Vol 3 Section 0312

262                                                                        1899

MacAlister’s Christmas cards, and the three men obviously found more in common than merely a sense of humor. They were together again at the Savage on 7 July 1900 when it was Clemens’s turn to take the chair at the six-course dinner…[223]. Editorial emphasis.

Insert: Phil May’s cartoon: commemorating the Savage Club dinner on June 9, 1899 with J.Y.W. MacAlister in the chair. Sam is seated to the left and May behind with the red cross on his jacket. The gentleman with the saw is unidentified. Sam is holding a slip out with “Joke.” Dated June 1900, probably May’s idea of a “prophecy” for the following year.

Watson writes:

Mark Twain did not make himself so much at home in the Club as the earlier American humourist [Artemus Ward]; but there are two nights on which he was present that are still vividly remembered. On each occasion his presence was more the result of accident than of arrangement. It was a memorable Savage Night when, on June 9, 1899, Mr. J.Y.W. MacAlister, brought with him, unheralded this genial philosopher and humourist [The Savage Club (1907) p.126].

John W. Ivimey’s Savage Club Supper menu was  signed by Mark Twain, Phil May, and Guglielmo Marconi (1874-1937), great Italian inventor [Watson 126]. Ivimey was an author of children’s books.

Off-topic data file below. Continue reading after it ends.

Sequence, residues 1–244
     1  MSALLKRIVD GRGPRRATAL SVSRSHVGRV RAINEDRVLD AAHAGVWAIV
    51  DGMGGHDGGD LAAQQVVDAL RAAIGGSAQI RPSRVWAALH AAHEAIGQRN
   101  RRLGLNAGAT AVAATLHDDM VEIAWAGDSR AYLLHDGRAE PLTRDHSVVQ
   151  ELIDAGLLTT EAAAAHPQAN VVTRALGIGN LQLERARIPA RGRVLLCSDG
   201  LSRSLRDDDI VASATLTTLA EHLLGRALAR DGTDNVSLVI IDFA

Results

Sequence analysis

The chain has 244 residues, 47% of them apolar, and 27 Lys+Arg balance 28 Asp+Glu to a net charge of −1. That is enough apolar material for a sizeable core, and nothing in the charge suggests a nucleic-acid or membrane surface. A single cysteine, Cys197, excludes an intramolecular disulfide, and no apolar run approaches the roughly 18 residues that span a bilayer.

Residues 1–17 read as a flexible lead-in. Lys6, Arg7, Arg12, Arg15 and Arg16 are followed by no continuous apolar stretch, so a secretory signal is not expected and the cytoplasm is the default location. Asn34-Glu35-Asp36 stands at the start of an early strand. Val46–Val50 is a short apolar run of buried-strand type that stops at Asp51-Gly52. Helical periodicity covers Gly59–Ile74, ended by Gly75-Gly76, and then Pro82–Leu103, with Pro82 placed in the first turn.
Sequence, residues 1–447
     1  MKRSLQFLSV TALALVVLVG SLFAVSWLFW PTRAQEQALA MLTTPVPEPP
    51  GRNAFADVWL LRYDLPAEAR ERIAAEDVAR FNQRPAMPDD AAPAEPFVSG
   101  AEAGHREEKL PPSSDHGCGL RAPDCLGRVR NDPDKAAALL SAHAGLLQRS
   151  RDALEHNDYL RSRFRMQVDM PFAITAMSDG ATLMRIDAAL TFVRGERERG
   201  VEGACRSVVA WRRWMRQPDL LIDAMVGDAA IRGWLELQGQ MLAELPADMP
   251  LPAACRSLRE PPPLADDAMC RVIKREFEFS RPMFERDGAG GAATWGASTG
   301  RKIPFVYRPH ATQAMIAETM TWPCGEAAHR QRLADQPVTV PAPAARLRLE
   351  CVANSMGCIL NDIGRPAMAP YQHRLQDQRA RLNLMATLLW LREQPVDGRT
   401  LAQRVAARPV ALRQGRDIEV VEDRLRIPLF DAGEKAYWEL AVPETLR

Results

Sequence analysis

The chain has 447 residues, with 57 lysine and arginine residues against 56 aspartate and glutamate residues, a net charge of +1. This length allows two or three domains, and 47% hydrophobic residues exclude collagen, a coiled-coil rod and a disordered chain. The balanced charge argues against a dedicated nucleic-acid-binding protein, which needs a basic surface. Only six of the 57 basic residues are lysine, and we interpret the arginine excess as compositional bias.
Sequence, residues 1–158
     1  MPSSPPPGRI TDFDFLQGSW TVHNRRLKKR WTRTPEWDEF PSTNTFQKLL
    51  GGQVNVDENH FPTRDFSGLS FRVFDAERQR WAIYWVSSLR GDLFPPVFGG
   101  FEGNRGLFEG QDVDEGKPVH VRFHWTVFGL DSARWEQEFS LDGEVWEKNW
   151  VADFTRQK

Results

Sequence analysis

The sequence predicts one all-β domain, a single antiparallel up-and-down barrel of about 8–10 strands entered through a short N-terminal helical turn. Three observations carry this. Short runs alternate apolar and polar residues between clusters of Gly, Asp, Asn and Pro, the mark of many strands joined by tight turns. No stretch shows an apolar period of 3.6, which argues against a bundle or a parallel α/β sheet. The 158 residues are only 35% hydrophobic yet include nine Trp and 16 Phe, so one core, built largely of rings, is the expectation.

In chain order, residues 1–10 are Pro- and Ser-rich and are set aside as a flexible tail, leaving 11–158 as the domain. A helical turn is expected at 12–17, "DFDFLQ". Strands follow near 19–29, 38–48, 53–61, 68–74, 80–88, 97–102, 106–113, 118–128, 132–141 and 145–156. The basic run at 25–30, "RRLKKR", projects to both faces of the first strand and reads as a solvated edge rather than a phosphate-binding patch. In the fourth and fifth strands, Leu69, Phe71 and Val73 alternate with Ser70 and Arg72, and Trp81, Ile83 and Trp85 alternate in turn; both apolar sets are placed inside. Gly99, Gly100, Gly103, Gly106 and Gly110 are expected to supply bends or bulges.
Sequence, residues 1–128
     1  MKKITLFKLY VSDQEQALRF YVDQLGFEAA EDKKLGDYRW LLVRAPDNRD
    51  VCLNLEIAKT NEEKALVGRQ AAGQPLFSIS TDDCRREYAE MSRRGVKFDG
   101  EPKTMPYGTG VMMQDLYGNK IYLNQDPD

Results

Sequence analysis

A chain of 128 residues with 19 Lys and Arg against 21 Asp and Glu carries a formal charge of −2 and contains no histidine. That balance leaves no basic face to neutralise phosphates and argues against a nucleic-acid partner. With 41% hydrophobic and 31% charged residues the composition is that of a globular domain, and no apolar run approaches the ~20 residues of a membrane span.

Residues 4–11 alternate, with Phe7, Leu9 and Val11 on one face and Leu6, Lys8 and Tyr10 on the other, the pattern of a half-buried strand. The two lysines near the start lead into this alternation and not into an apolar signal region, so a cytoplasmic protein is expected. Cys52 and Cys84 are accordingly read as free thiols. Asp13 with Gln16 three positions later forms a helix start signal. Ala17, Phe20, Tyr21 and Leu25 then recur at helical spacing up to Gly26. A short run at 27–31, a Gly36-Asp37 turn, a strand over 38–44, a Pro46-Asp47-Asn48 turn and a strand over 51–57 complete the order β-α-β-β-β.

June 10 SaturdayAt the Prince of Wales Hotel in London, Sam wrote to Douglas B. Sladen.

Thank you, I am your man. Make it a fortnight or three weeks off, as you suggest, & give me the date so that I may make sure that it doesn’t double-up on some other engagement [MTP]. Note: Douglas Brooke Wheelton Sladen (1856-1947), travel writer, poet, author, scholar, and editor of Who’s Who between 1897-1899. He lived in Melbourne, Australia for a number of years, where his uncle, Sir Charles Sladen, had been premier of Victoria. He returned to London in 1884. Sladen collected all the correspondence he had with interesting and prominent people of his time into 70 scrapbooks. Many of the letters were from well known literary and political figures.

Sam’s notebook: “Sat. 10 Lord Salisbury’s party” [NB 40 TS 56]. Note: Lord Salisbury (1830-1903), whose full handle was Robert Arthur Talbot Gascoyne-Cecil, lived and died at Hatfield House, a structure completed in 1611. Fatout lists as London, “speech or story” with no further particulars [MT Speaking 666].

June 11 SundayAt the Prince of Wales Hotel in London, England, Sam wrote a follow-up to Douglas B. Sladen.

“Did I tell you, the other night at the Authors, that this family (including me if I can manage it) are expecting to go to Lambeth Palace on the 22d at 3 p.m.? (Date and hour correct?) Did I tell you that, or have I dreamed it?” [MTP]. Note: Sam did have this appointment in his notebook.

Sam also wrote to an unidentified woman, declining an invitation for June 29 as he had another engagement [MTP]. Note: notebook entry: appointment at the New Vagabonds at King’s Hall for the 29th [NB 40 TS 57].

Sam also wrote an aphorism to an unidentified person: “Be good & You will be lonesome. / Truly Yours / Mark Twain / London, June 11/99” [MTP].

SLC used mourning border for most letters from Susy’s death on, then from Livy’s death on.